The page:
Outstanding debt hits record P6.43T | Inquirer Business

Outstanding debt hits record P6.43T

/ 05:48 AM September 30, 2017

The weaker peso further raised the national government’s outstanding debt to a record P6.43 trillion as of end-August, up 7.6 percent year-on-year, the latest Bureau of the Treasury data showed.

Outstanding obligations at the end of the first eight months rose from P5.98 trillion a year ago and was 0.73-percent higher than end-July’s P6.38 trillion.

In a statement, the Bureau of the Treasury attributed the month-on-month increase in total debt mainly to domestic net issuance and external loan availments alongside local currency depreciation against the US dollar and third currency adjustments.


The peso remained at nearly 11-year lows against the greenback last month.


The bulk or 66 percent of the end-August outstanding debt amounting to P4.15 trillion were borrowed locally, up 6.9 percent year-on-year and 0.1 percent month-on-month.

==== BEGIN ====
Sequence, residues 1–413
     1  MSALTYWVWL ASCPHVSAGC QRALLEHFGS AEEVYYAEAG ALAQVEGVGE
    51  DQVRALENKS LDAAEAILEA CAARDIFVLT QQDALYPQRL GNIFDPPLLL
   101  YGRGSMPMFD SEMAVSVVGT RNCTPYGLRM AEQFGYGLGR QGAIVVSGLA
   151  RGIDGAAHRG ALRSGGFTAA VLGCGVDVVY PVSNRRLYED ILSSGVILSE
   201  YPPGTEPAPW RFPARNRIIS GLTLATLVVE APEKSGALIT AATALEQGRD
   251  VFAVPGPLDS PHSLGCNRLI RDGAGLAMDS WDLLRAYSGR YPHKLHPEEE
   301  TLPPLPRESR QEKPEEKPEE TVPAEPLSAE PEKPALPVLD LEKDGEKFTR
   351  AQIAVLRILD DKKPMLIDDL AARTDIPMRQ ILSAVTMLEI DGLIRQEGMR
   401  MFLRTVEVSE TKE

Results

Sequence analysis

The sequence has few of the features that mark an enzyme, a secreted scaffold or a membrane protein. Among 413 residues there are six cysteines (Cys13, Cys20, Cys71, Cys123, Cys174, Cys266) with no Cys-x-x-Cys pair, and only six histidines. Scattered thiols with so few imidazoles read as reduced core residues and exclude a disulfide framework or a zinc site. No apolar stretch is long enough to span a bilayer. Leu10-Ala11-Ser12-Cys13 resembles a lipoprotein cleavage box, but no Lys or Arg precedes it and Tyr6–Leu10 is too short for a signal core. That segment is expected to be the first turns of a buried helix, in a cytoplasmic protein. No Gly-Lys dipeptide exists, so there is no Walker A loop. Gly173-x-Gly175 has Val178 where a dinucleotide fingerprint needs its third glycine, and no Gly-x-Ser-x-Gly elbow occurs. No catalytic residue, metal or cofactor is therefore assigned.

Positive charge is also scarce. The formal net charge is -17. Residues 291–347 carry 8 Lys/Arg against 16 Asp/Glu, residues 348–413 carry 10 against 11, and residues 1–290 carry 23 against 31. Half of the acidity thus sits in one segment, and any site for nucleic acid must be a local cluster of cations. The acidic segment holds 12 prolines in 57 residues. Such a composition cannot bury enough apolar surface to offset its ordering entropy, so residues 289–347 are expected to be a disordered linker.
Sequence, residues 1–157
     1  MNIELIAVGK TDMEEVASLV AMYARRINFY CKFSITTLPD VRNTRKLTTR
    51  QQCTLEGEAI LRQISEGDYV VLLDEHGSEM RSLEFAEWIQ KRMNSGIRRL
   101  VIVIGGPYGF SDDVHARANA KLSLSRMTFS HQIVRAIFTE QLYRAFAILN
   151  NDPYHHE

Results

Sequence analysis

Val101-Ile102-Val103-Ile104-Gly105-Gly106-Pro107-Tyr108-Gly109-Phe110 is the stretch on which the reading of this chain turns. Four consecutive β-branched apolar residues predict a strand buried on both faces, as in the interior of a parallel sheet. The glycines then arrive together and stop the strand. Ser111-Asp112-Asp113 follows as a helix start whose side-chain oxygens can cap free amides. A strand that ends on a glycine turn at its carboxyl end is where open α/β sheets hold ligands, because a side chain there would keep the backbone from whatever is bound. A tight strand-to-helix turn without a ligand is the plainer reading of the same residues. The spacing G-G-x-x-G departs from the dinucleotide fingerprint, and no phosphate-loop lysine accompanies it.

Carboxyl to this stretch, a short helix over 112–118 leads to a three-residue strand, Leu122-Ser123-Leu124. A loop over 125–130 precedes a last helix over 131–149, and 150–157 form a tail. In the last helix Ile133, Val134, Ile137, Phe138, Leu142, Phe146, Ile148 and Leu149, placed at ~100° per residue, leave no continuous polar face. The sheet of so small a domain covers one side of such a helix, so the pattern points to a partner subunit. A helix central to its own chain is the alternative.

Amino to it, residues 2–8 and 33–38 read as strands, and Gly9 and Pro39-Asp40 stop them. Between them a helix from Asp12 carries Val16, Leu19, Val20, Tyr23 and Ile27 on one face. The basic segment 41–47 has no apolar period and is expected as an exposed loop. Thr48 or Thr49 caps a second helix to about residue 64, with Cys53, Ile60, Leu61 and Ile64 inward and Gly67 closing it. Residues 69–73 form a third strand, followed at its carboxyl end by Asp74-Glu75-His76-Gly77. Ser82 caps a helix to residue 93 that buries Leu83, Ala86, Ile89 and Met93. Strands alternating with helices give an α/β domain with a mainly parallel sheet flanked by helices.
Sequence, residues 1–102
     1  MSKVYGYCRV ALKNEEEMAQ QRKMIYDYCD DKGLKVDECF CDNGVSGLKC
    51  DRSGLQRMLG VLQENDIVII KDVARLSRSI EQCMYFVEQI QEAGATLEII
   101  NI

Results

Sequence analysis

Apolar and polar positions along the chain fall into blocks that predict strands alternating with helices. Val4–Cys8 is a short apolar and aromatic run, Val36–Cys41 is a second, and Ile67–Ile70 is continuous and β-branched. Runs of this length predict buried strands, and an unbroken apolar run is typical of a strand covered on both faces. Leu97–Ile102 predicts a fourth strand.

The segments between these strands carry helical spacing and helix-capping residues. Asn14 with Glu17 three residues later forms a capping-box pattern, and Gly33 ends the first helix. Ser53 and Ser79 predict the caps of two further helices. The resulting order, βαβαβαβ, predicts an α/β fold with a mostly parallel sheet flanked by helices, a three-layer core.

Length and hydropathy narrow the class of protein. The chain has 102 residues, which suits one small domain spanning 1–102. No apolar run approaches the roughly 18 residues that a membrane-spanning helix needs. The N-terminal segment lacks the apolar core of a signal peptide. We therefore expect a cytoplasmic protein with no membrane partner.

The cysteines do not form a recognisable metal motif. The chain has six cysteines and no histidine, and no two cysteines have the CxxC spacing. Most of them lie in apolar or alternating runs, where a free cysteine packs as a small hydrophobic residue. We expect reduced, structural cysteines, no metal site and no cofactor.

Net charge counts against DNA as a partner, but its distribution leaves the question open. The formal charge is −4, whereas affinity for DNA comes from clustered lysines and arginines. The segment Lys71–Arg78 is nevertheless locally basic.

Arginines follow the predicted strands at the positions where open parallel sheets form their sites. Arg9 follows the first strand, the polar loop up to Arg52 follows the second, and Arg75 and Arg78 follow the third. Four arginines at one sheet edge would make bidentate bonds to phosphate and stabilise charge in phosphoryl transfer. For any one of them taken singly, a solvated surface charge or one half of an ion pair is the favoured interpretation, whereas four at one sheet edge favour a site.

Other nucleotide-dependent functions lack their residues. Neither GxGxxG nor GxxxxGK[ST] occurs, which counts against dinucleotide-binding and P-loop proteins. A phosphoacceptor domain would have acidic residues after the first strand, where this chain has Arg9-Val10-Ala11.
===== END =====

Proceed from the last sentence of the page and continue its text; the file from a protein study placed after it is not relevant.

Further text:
Net issuance of government securities amounting to P5.01 billion and the P330-million net effect of peso depreciation drove the increase in the domestic debt level for the month, the Treasury explained.

As for external debt, the end-August amount stood at P2.28 trillion, up 8.8 percent year-on-year as well as 1.8 percent month-on-month.

“The increase [in foreign debt] was primarily due to P10.36 billion in net availment, the P29.66-billion impact of the peso depreciation against the dollar and net appreciation of third currencies amounting to P1.01 billion,” the Treasury said.

As for the national government’s outstanding guaranteed debt, the level as of August increased 0.5 percent month-on-month but declined 10.2 percent year-on-year to P497.5 billion.

“The rise in national government guarantees was due to the combined effect of the peso depreciation amounting to P3.84 billion and the effect of third currency revaluation amounting to P1.02 billion. These more than offset net repayments on both domestic and external guarantees amounting to P2.34 billion and P120 million, respectively,” according to the Treasury. —BEN O. DE VERA

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